Logo Design

Logo Design

I have been designing logos and developing corporate identity programs for over 30 years. In that time I have learned, to create an effective logo there are several important elements that need to be researched and considered.

Your logo can either be a powerful tool for strengthening your brand’s perception or an encumbrance that may give potential clients and employees cause when considering your business.

When I design a logo for my clients I take several things into consideration–

  • The type of business, whether it is in the technology field, healthcare, education or possibly for a consumer good.
  • Who is the targeted audience?
  • What are the goals of the client for their business?
  • Who are their competitors?
  • What is the message the client wants to make with their brand?
  • Is the current logo tied closely to their branding and been in use for a long period of time?
  • Does the logo signify a new aspect of their business like a merger, acquisition or transition into a new market?
  • What is the level of awareness of their brand in their marketplace and targeted audience?

The answers to these questions help to formulate the creative decisions for developing the best match for a client’s needs. A logo like the entity it represents needs it’s own unique identity and personality to be effective.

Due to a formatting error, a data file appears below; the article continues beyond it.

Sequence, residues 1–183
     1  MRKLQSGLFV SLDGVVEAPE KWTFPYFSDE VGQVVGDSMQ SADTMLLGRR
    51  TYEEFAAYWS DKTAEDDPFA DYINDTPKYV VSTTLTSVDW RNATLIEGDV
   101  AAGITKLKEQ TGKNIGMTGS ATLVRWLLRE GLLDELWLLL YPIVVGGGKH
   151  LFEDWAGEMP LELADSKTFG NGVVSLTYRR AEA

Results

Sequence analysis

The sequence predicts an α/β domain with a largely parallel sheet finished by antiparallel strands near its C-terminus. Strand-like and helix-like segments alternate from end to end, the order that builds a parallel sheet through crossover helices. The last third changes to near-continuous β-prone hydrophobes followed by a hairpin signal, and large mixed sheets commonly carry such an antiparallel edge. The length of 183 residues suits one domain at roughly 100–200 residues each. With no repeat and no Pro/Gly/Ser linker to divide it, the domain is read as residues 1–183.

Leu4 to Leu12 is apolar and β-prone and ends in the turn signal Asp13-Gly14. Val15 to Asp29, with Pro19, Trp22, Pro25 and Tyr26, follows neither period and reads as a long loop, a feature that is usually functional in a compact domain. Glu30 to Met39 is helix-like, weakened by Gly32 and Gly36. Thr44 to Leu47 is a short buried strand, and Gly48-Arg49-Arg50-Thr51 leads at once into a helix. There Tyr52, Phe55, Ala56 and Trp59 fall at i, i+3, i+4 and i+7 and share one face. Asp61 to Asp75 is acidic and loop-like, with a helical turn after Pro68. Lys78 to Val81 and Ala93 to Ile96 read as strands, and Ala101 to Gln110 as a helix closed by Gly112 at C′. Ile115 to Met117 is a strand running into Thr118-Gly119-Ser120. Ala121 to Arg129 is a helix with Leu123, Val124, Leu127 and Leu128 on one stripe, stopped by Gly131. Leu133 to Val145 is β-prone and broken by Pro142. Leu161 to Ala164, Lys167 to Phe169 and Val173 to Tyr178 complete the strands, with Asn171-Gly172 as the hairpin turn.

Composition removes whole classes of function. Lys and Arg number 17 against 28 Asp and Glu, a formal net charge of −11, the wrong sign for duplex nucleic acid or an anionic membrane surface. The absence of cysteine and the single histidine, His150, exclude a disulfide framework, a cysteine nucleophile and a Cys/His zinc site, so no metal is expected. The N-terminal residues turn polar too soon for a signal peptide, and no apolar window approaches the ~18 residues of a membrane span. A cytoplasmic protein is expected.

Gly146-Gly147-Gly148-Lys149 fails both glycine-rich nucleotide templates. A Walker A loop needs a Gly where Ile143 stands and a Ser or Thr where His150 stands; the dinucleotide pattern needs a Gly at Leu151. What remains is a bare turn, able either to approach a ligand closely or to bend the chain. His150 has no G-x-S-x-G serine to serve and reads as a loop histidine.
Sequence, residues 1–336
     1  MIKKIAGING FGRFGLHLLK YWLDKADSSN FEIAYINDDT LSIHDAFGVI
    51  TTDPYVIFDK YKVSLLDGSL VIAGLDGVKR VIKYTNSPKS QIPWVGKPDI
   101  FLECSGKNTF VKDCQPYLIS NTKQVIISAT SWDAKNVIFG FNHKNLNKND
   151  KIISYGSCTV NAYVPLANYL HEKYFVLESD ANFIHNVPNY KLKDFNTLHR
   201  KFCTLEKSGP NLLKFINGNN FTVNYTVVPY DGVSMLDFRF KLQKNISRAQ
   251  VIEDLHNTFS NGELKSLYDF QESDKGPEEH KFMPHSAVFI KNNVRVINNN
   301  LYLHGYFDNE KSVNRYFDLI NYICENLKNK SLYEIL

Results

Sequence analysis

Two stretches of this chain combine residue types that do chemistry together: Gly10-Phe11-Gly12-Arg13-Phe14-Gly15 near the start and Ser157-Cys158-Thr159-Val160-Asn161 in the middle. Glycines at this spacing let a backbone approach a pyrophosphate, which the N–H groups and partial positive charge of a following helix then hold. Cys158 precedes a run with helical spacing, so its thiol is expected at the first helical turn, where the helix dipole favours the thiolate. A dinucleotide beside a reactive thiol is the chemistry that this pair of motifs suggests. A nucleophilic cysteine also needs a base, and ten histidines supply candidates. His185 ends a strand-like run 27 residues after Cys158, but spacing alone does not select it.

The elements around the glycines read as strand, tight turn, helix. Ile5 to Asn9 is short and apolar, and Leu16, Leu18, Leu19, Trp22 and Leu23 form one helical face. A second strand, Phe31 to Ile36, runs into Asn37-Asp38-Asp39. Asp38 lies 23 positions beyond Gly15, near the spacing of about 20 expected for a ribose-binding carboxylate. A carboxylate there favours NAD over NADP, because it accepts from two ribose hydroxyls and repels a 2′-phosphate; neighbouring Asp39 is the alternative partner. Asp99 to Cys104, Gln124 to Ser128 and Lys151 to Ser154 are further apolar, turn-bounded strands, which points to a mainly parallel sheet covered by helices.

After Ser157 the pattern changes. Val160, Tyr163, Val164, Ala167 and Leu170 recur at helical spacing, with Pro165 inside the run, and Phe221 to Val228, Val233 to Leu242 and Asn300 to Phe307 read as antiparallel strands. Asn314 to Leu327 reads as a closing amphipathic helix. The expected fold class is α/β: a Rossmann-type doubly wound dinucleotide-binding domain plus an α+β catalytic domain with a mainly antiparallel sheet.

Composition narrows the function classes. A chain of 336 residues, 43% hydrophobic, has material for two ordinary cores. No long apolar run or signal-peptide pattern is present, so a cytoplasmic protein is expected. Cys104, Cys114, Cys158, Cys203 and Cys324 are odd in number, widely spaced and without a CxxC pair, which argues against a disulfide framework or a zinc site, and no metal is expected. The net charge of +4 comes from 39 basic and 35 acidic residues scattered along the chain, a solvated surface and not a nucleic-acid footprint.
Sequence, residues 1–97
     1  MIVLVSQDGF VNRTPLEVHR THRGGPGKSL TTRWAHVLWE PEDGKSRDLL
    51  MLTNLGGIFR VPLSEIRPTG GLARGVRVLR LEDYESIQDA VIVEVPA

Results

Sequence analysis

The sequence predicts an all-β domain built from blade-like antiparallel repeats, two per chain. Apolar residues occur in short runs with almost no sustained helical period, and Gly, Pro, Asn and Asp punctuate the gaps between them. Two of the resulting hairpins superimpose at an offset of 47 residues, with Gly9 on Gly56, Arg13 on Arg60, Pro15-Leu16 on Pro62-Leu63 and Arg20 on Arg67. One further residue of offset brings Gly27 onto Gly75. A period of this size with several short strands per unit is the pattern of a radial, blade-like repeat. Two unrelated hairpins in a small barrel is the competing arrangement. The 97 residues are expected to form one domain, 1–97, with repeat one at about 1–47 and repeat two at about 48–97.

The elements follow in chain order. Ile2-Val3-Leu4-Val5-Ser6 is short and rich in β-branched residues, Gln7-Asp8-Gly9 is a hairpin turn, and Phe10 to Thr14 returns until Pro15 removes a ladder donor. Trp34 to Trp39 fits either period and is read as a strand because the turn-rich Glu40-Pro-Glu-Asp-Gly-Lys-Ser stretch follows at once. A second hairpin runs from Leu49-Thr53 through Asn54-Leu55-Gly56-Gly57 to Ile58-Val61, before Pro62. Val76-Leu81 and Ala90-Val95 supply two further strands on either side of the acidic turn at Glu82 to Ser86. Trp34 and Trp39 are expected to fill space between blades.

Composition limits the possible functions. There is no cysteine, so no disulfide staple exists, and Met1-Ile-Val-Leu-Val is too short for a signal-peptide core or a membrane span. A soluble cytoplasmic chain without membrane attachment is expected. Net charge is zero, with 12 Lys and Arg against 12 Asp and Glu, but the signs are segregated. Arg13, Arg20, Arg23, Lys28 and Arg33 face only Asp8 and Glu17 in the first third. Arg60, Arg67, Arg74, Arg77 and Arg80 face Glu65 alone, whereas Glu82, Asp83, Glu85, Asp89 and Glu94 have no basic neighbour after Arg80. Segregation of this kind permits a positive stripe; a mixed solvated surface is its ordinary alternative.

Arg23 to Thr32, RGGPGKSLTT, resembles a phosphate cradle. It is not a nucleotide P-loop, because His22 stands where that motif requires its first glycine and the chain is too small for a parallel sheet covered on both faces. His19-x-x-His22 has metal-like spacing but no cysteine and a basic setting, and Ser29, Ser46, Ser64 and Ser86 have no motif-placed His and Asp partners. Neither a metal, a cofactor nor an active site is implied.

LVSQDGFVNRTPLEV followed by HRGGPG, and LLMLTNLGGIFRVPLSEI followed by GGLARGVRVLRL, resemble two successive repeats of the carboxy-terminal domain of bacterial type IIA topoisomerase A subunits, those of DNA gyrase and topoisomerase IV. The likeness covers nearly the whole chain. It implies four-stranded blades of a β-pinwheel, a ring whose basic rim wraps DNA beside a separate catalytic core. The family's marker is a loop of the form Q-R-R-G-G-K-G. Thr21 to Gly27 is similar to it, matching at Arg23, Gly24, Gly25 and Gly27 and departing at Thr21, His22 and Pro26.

The choice of color, font style, weight, space and size relationships are all equally important tools in creating your logo. Many logos utilize icons and graphic marks as a part of their logo. When designing a logo it is also important to understand and utilize the extensive research available concerning viewer impressions to design elements, style and symbols usage. You must ensure that your logo does not resemble the branding of your competitors or other well known brands. You also need to be sensitive not to convey a negative message or imagery that your targeted audience can misinterpret.

The successful creation of a logo is both an art and a science. Many businesses use inexpensive stock art and inexperienced designers to create their logo. It is important to understand that the chances are that the same stock art you purchased is used by many other business. The other hazard you should be careful of is the font you use and how it is modified. It’s all about how much you value your businesses' reputation and branding.


A logo is an intellectual property and can be copyright protected. You can register your organization's name and logo with the Library of Congress United States Copyright Office, (copyright.gov). When developing a logo or a name for a business or product you should always check the Copyright Office’s database to make sure that your logo and name are not like any registered logos or names. An organization that has a similar logo or name that has been doing business for 3 years or more can challenge your ability to use your logo through a cease and desist court order which may result in significant financial penalties.



26 June 2017


Corporate Identity

Contact Information

Jeffrey Whetstone

phone: 630-244-3476

Chicago, Illinois, U.S.A.



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